HomePlug AV2

Specification was announced in January 2012 to deliver up to 1000Mbps/Gigabit performance (that's five times better than an AV 200 mbps HomePlug), in addition to improved home coverage.

This standard was designed specifically to work well when streaming HDTV, using VoIP phones, playing online games and recording security camera footage

The AV2 standard copes much better with the high-bandwidth needed and need for low-latency and quick response time.

I originally bought and installed the Aztech Solwise 500AV HomePlug Ethernet Adapter with Mains Pass Through and 2 x 10/100 Ports in 2013 and they worked fantastically well. They enabled me to perform all tasks required without so much as an issue.

I have delivered online training, sharing my desktop to users all over the world. Do presentations, stream videos and all manner of high bandwifth tasks without any issue at all.

At the beginning of 2018, I decided to upgrade my Homeplug network, not due to any performance issues, but just rather to facilitate my rapidly growing Amazon echo network, after purchasing an Amazon echo plus and then purchasing each of my daughters an Amazon Echo for their rooms. I needed to boost the Wifi because reach was poor to each of their rooms.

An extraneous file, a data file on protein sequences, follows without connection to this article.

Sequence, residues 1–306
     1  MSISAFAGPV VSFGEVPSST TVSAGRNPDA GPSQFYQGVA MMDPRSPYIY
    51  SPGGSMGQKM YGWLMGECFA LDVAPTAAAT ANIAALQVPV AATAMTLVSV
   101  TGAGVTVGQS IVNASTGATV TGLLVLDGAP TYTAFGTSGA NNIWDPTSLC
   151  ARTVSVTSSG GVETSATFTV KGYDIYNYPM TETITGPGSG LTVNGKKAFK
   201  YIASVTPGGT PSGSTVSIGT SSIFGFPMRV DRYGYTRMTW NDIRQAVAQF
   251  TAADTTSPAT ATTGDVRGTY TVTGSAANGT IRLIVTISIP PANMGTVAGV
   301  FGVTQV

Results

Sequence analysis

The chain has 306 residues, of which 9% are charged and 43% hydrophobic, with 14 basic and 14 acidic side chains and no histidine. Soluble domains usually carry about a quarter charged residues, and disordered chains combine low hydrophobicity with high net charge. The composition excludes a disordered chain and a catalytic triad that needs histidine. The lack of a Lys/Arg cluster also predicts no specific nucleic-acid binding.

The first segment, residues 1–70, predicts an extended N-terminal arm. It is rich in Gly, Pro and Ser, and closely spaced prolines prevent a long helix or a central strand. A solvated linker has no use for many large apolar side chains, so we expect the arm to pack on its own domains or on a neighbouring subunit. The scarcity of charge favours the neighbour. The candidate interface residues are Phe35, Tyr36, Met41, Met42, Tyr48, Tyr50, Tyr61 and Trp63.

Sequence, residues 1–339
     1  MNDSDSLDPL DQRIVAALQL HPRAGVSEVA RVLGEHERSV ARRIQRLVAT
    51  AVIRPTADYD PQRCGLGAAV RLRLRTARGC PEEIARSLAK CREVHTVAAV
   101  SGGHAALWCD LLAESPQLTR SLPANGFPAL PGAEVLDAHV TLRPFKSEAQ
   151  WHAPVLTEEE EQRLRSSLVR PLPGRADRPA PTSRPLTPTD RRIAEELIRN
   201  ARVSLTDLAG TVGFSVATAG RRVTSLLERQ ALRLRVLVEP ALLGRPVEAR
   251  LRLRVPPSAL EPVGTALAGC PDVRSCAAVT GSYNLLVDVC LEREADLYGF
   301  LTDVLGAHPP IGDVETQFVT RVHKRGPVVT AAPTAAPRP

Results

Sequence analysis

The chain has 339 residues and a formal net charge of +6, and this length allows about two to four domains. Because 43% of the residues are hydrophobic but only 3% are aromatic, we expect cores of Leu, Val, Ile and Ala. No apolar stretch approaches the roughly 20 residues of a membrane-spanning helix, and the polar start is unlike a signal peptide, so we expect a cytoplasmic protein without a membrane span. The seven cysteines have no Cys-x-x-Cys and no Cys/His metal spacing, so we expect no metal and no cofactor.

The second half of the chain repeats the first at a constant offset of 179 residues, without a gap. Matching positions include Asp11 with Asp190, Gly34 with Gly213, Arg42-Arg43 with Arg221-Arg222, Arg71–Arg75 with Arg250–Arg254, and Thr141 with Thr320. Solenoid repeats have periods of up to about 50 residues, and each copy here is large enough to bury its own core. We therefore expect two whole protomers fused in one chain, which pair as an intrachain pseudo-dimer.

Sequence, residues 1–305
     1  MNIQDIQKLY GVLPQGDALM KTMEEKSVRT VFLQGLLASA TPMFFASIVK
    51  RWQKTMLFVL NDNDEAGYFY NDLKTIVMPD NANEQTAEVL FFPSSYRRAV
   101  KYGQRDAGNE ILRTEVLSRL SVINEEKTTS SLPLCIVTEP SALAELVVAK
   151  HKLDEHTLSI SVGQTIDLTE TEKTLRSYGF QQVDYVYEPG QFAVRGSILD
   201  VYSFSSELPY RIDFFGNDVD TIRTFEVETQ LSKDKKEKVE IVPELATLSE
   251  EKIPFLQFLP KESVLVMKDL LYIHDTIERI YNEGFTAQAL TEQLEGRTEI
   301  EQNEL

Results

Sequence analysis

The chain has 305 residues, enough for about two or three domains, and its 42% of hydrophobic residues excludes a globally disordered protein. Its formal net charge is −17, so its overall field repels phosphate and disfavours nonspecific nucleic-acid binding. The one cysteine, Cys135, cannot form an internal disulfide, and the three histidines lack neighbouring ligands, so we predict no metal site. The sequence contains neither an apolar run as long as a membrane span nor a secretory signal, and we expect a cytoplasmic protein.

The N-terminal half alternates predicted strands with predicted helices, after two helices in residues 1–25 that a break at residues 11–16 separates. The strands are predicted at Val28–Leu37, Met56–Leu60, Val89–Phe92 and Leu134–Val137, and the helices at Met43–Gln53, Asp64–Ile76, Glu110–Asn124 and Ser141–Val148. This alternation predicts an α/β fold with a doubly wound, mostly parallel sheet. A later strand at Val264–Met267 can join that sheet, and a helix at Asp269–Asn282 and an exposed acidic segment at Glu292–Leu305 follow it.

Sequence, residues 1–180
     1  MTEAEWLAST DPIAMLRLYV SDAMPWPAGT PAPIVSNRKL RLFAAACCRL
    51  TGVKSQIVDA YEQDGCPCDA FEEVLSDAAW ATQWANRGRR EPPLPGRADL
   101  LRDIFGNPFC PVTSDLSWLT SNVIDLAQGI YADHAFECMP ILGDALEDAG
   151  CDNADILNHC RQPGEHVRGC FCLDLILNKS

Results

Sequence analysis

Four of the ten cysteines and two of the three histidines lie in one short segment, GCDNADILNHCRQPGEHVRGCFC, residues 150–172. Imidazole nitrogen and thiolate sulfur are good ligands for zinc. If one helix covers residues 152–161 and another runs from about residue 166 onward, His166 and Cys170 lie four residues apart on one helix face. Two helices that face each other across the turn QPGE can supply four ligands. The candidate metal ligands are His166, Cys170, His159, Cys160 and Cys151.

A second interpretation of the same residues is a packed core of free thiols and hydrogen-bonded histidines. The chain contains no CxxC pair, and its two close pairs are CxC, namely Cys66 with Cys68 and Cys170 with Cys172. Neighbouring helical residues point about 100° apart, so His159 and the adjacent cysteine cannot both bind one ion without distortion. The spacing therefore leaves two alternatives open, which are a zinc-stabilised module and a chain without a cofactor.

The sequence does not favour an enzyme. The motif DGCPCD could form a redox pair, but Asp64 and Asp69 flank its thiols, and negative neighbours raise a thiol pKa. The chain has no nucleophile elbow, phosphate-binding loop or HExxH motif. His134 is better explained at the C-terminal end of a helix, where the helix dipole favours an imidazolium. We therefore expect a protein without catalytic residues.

I bought and installed TP-Link TL-PA8010PKIT 1200 Mbps Gigabit Passthrough Powerline for the office and at the same time purchased the TP-Link TL-WPA4220KIT 2-Port Powerline Adapter Broadband/WiFi Extender to boost the Wifi upstairs.

TP-Link TL-PA8010PKIT 1200 Mbps Gigabit Passthrough Powerline Starter Kit

AV2 will deliver a much better experience for Audio Visual tasks.

For my home office I personally make use of TP-Link TL-PA8010PKIT 1200 Mbps Gigabit Passthrough Powerline

Offering a stable, high-speed data transfer rate up to 1200Mbps on a line length up to 300 meters.

These homeplug adaptors also have 2X2 MIMO technology which enables the TL-PA8010P KIT to communicate with multiple devices at the same time for more stable powerline speeds. With Gigabit Ethernet port, you can connect smart TVs, game consoles and computers for seamless 4K streaming and lag-free gaming anywhere in your home. Also, it features two pass-through sockets, so you can use the socket as usual.

Offering Simple plug and play, no configuration required. It also uses power-saving technology to conserve up to 85% energy when not in use.

  • HomePlug AV2 standard compliant
  • High-speed data transfer rates of up to 1200 Mbps
  • Gigabit port provides secure wired networks
  • Integrated power socket ensures no power outlet goes to waste
  • 3 years warranty